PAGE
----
Science in the Public Interest: Do No Harm



Photo by Denise Krebs

By Aidan Gilligan, Founder & CEO of SciCom

Aidan contributed this article as part of our call for blogposts on conference themes. Submit your blogpost:

Having worked for ten years as a specialist communications contractor and direct employee at the headquarters of the European Commission’s in-house science service, the Joint Research Centre and its sister Directorate-General, Research & Innovation, I decided to try something new where I could make a real difference on the issues that concern me most. Harm reduction science is one of these. I’m no scientist or expert, but I know what the general public is interested in and want to pay their taxes for. Life and death is certainly one of them.

I had worked on EU-funded research events for years, focusing on topics ranging from mitigating natural disasters and launching hydrogen fuel testing facilities, to R&D Investment Scoreboards. You name it, we had seen it and done it – or at least claimed to have partially funded it. But had we ever made a discovery that really mattered? Were we interested in the big killers, those lifestyle-related killers that are preventable? Were we too busy testing food ladles from China or chasing pie-in-the-sky nuclear energy projects? Had we lost sight of what really mattered? I thought so, so I decided to be different.

SciCom – Making Sense of Science was born on 1st January, 2011 ( It practises a brand of science diplomacy that adds essential value to the activities undertaken by science or trade ministries, the science services of international institutions or the flagship delivery teams of global conferences. Scientific integrity is core to its corporate identity. Within its network, it can reach out to and assemble unrivalled expertise around issues that very often divide the scientific community. It does not lobby or trade on its associations or try to influence the science it is simply helping to communicate.

On 28th & 29th June, 2012, in Brussels, SciCom convened twenty-seven eminent European, African and American-based thought-leaders from fifteen countries. All were carefully selected and approached at the highest level to guarantee a maximum pool of relevant expertise, perhaps never before brought together in a single room.

The event format was equally novel and designed to produce new thinking. Small working groups of five participants were pre-assigned under a Discussion Lead. Their task was to address a specific science-policy question before coming to Brussels. The five pivotal questions were:

  1. What should we expect from the scientific community?
  2. What are the factors taken into account by the policy-making community?
  3. What needs to improve from the perspective of third-parties and interest groups?
  4. How should scientists, policy-makers and third-parties work together to manage risks and uncertainties at the same time as promoting innovation?
  5. What needs to happen next?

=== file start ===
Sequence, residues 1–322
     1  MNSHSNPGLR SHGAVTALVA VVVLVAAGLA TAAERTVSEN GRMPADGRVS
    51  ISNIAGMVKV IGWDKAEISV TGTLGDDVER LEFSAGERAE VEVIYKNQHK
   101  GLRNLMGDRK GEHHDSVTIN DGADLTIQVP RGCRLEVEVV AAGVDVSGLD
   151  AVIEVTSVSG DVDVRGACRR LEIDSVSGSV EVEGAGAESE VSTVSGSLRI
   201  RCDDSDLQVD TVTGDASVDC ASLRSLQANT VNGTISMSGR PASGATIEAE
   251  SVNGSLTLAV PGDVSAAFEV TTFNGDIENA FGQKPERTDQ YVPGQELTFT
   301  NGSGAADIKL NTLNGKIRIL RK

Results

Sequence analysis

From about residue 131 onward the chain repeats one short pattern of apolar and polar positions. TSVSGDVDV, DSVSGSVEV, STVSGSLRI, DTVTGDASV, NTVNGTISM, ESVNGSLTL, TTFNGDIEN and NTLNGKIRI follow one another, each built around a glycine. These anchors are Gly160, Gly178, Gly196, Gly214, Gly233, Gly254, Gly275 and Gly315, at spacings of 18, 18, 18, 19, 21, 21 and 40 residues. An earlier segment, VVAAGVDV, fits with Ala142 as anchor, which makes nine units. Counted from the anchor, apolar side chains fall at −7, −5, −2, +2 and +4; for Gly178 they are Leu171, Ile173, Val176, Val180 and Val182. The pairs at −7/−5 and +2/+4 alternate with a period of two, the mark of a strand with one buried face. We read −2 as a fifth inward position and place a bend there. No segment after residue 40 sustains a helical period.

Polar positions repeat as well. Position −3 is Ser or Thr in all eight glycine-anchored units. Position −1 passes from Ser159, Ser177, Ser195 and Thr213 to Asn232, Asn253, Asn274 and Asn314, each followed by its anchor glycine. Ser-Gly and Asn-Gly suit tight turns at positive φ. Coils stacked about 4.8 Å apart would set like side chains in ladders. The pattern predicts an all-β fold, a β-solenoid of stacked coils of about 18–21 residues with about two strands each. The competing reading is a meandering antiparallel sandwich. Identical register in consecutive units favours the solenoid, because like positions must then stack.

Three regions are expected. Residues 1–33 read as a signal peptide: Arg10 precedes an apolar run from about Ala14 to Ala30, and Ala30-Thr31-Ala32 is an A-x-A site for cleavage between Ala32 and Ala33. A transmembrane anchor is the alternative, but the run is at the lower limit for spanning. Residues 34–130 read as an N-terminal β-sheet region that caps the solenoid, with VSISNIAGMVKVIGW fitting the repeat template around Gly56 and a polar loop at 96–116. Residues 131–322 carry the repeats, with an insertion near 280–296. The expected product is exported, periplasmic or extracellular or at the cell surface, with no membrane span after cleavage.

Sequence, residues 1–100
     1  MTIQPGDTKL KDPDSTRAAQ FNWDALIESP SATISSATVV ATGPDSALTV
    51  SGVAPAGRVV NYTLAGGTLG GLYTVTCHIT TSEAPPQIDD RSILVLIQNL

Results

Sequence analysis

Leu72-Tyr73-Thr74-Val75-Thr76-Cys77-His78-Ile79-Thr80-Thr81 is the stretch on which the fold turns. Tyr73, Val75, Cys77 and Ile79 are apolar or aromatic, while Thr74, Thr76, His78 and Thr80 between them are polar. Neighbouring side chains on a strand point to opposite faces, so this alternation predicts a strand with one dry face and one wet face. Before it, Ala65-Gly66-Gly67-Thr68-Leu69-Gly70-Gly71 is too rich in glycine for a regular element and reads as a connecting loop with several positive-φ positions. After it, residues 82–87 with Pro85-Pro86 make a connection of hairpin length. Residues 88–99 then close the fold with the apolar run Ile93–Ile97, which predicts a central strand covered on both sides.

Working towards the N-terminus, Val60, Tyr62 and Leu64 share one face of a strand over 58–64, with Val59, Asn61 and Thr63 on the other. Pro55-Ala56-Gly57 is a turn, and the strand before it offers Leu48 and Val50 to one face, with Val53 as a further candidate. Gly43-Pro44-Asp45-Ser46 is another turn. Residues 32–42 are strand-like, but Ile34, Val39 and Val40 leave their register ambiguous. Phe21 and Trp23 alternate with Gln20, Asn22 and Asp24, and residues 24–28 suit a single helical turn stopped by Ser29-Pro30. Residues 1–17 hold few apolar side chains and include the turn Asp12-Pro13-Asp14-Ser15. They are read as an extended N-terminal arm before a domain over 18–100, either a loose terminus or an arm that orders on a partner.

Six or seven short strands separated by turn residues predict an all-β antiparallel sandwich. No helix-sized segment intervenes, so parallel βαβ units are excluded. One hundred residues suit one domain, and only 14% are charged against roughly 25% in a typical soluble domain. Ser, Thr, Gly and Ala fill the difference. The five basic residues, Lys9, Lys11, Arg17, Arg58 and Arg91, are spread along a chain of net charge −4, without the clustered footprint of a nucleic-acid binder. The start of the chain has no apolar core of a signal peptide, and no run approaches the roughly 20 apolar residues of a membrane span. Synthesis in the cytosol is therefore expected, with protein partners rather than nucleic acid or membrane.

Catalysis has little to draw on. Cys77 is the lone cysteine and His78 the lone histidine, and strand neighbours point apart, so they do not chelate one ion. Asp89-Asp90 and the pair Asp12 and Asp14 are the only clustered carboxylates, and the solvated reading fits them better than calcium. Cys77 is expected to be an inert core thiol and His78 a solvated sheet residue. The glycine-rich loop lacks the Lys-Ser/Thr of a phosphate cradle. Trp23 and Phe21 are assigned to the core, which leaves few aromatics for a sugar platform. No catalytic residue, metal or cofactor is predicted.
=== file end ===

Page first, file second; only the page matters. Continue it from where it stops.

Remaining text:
The aim was to encourage real engagement between individuals who might otherwise find themselves and their organisations on different sides of the fence. The common thread was identifying best practices and pitfalls based on real-life experiences.

Our 15 key findings and recommendations were:


1. Science is a fundamental pillar of knowledge-based societies.

2. Science can help provide the evidence base for sound public policy;

3. The dialogue between science and policy is never straight-forward;


4. The integrity of science needs to be positively asserted;

5. Stronger emphasis must be given to the inclusion of social sciences to improve understanding of how the public may react or adapt;

6. Scientists must learn to use established communication channels for providing policy advice more effectively and be less aloof and perhaps less arrogant;


7. Policy-makers must be receptive to scientific advice, even when this advice is uncomfortable;

8. For the science and policy relationship to work, policy-makers have to challenge science to deliver on their public investment;

9. Policy-makers should consult more widely and learn from best practices and pitfalls encountered elsewhere;


10. The public plays a critical role in determining what positions policy-makers will take;

11. Industry is the largest investor in science and has every right to have its voice heard;

12. Interest groups similarly have every right to have their voice heard as guardians of the common good or legitimate sectoral interests;


13. Scientific advice must be more involved in all stages of the policy-making cycle, particularly in harm reduction;

14. Policy-making must learn to cope with the speed of scientific development and include greater foresight and policy anticipation;

15. Investment in harm reduction science is “the right thing to do”.

My overriding impression of this initiative is that science and policy do have a crucial relationship. But all too often EU officials and scientists think they are policy-makers. On the other side, policy-makers should not think they are scientists.

The greatest single mistake I see is that both groups fall into the trap of thinking that constant negative messaging on the harm caused by lifestyle choices is readily understood or sinks in. Look at the case of Europe’s first smoking ban in Ireland. Nearly ten years on and the Irish Chief Medical Officer’s 2012 Report shows a 3-4% total Irish population increase. The public know that these bad habits kill them but they still do it. Why? To arrive at an answer, we need to know more about brain reward systems and compulsive behaviour.

And that’s exactly what our second high level event tackled. But more on that in the next article.

Aidan Gilligan is the Founder & CEO of SciCom – Making Sense of Science. He is also a Euroscience Governing Board Member. Email: [email protected]

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